OUR APOLOGIES TO THE DVA RNS
A few weeks ago we posted a piece entitled, “Why VA Nurses Should Study Wall Street.” It reviewed the advantages for employees working for the same nationwide employer to be represented by one union rather than many. Unfortunately, that is too often the case today and it is hurting unions’ bargaining power. Although our core example dealt with the Registered Nurses of the Department of Veteran Affairs, we in no way meant to attack their current situation or unions. They made that choice and, frankly, the current approach has some advantages too.
But our core argument is still a solid one and we hope everyone got it despite the apparently distracting references to RNs. So, let’s choose another agency whose employees are represented by multiple unions, namely, the Environmental Protection Administration (EPA). Today, virtually all EPA employees are represented by AFGE or NTEU. While it is good that so many of them are union represented, it would be better if one union spoke for everyone employed at EPA.
The principle benefit would be that management would no longer be able to declare a bargaining proposal from one union to be nonnegotiable because it would have an effect on the employees represented by the other union. FLRA has made it very clear under its “vitally affects” doctrine that a union proposal generally is nonnegotiable if it sets working conditions for employees in any other unit. Consequently, if AFGE and NTEU employees worked in the same EPA building, it is very likely that neither could bargain over how to assign spaces in any common parking lot, how to assign office space in shared areas of the building, where to post vacancy announcements, procedures for reassigning between positions in different units—even though the jobs may be just across the hall from one another, how to distribute the agency’s awards budget, RIF procedures, cafeteria and break room services, promotion ranking criteria, etc.
Almost as large a benefit for the employees if they organize under one union is that management will have fewer excuses at the bargaining table to oppose a union demand for a change. With the workforce of this single employer split between two unions, the agency can oppose one union’s demand by saying that adopting it will harm or even anger the other union. Stated differently, the agency might say that it is willing to agree to a negotiated rule, but it needs the same rule for everyone. That puts one union under pressure to accept what the other union already has.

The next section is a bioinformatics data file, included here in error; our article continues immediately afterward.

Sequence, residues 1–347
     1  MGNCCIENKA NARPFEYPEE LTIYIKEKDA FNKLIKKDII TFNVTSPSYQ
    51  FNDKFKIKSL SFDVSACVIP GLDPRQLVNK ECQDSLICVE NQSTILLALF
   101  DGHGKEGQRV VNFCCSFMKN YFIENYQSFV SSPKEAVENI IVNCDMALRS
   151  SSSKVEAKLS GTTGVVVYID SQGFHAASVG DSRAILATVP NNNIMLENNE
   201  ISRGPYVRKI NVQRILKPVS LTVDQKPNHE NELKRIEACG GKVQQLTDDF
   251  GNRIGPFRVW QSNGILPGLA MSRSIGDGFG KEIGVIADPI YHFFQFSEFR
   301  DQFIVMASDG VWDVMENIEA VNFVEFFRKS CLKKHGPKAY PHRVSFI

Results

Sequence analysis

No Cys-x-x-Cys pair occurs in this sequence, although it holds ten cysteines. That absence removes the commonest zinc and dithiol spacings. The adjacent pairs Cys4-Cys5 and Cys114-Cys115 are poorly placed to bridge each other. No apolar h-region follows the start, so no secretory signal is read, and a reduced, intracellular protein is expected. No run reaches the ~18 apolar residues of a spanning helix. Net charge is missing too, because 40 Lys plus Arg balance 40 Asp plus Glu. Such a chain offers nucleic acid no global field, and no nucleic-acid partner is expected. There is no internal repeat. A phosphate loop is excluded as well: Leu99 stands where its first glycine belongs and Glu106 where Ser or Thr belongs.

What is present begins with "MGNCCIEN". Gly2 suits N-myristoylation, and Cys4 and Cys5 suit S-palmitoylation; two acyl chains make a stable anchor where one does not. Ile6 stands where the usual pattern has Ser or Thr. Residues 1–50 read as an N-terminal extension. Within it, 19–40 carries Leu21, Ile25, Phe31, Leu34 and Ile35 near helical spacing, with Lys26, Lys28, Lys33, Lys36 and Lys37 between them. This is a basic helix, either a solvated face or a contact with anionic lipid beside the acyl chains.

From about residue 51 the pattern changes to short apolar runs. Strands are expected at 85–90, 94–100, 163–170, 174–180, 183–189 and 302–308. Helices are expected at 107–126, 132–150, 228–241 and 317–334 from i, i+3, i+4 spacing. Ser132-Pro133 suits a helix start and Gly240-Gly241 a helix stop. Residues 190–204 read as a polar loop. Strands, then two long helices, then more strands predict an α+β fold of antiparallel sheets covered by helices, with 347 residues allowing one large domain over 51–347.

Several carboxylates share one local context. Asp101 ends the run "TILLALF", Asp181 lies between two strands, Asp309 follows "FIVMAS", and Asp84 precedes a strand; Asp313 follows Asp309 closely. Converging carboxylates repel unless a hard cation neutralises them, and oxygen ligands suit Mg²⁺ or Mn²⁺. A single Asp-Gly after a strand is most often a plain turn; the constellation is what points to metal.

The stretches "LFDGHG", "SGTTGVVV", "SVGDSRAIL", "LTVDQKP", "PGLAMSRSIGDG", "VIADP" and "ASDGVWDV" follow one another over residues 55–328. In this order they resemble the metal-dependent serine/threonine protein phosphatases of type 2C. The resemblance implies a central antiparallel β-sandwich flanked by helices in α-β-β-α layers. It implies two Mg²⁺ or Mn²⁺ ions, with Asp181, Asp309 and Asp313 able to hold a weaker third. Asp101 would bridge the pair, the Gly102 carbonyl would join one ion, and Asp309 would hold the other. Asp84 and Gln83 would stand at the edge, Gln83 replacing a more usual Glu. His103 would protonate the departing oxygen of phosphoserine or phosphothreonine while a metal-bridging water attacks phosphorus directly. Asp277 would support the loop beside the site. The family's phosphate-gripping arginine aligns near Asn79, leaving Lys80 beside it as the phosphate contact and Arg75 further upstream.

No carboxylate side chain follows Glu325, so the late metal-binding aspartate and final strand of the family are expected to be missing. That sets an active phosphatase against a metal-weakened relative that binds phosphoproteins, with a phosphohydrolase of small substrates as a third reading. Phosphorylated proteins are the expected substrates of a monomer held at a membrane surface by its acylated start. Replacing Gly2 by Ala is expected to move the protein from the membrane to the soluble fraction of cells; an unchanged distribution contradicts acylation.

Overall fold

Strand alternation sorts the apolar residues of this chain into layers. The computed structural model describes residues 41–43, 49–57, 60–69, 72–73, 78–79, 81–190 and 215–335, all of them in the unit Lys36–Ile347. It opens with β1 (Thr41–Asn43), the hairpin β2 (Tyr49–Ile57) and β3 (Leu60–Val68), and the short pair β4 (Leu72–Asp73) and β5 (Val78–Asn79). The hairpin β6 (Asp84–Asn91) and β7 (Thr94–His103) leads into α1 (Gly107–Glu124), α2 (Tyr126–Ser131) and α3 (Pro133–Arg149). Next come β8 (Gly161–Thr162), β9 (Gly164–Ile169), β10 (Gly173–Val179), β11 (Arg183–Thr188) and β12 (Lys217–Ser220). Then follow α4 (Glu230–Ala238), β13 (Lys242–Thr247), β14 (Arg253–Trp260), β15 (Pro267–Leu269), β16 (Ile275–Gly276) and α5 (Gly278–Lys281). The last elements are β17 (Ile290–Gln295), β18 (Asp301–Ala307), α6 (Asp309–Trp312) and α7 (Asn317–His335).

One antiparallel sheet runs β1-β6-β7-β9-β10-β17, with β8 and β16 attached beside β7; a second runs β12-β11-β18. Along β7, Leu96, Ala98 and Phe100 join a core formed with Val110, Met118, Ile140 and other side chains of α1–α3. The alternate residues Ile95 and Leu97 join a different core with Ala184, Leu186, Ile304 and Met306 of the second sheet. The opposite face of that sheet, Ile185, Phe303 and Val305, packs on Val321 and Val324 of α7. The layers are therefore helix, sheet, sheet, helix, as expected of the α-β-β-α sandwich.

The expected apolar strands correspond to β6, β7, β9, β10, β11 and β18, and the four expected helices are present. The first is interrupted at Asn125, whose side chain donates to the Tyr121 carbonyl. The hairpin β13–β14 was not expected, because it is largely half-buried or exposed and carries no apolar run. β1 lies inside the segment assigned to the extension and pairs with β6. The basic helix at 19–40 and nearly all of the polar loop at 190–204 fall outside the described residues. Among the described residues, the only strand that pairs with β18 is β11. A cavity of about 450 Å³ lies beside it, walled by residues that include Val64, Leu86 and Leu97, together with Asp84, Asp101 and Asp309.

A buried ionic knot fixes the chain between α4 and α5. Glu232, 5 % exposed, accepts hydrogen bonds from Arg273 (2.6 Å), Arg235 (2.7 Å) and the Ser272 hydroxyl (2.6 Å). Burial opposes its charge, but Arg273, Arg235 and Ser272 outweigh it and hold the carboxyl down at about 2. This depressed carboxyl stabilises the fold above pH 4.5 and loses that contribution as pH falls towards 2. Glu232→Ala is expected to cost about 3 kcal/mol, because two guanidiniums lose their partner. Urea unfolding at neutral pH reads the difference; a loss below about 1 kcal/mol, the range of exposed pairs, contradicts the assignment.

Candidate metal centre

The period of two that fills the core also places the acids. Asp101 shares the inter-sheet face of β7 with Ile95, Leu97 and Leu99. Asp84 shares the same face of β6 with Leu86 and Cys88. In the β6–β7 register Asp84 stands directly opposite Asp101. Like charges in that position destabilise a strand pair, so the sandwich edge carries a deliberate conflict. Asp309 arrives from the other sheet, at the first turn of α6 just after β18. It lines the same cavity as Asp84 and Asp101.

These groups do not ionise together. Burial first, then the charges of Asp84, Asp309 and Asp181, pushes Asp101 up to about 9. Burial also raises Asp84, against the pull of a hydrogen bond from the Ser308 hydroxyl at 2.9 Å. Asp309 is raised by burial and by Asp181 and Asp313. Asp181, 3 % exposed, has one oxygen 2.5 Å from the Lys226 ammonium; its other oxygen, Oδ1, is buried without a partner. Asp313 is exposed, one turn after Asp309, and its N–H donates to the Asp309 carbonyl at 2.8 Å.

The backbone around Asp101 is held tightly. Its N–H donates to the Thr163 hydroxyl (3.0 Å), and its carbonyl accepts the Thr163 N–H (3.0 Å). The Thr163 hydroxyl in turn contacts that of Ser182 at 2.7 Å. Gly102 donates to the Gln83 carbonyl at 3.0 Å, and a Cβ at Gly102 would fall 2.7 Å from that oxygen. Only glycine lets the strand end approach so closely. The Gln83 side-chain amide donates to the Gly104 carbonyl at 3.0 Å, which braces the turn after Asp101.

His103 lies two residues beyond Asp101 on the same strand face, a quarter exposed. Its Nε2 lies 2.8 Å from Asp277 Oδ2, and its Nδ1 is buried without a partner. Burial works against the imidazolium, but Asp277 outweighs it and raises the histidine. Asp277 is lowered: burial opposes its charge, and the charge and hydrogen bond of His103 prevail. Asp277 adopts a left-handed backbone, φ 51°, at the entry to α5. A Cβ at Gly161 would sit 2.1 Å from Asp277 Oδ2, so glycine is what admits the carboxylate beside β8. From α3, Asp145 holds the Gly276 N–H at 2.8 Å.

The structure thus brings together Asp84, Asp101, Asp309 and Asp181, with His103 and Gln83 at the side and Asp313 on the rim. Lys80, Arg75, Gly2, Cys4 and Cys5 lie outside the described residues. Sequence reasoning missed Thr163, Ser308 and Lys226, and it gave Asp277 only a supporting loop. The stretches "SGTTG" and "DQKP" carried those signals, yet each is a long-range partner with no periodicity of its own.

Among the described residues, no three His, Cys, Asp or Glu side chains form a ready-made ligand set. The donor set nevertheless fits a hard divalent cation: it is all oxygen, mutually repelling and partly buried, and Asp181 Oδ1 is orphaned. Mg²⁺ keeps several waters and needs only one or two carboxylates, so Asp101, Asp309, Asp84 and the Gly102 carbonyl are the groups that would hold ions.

A third significant benefit is that by organizing everyone into one unit with one union the union leaders will be in a position to know what is going on everywhere in the agency. One union leadership group will know all the practices that have developed, all the grievances that have been filed and their semi-secret settlements, all the MOUs that have been signed, all the arbitration precedents, etc. The union would finally have just as much information as management has.
A fourth benefit, but far from the last, is the quality of the union’s leadership. Good leadership is a scare resource in any organization. If all employees were in one unit, they would be able to choose from a wider pool of potential leaders than they can today.
The DVA nurses would reap another benefit that the EPA employees cannot. RNs have the right to form bargaining units of just RNs. If all the DVA RNs were in a single unit, they would be the largest bargaining unit of nurses in the county, which would give them considerable clout in the media, on the Hill, and in the medical profession. In contrast, today a Congressional representative cannot afford to give one union of VA nurses too much attention because potentially that might alienate the other RN unions in the VA. As we pointed out in our previous posting on this topic, most professional athletes’ unions limit membership to the players of a single sport rather than to all the employers of the sport franchise. They do it because it maximizes their clout.
Sadly, it is very hard to even move in the direction of organizing into one union in a single bargaining unit. The AFL-CIO prohibits their unions from trying to take members of another union away. Unions not affiliated with the AFL-CIO do not work under that restriction. The FLRA limits the times during which employees can even vote to join another union, and there is very little incentive for the leaders of one union to give away members. But just because it is hard to do does not mean it is the wrong thing to do. The saying, “No pain, no gain” seems to fit nicely here. But if you never heard of the Montrose election strategy, check it out in the following case because it offers a simple way to change union affiliations: NAGE, 25 FLRA 728 (1987)
So, we ask that the DVA RNs accept our apologies; the EPA folks too if this offended them. No criticism was intended of what they have today. We were just trying to describe options and their advantages.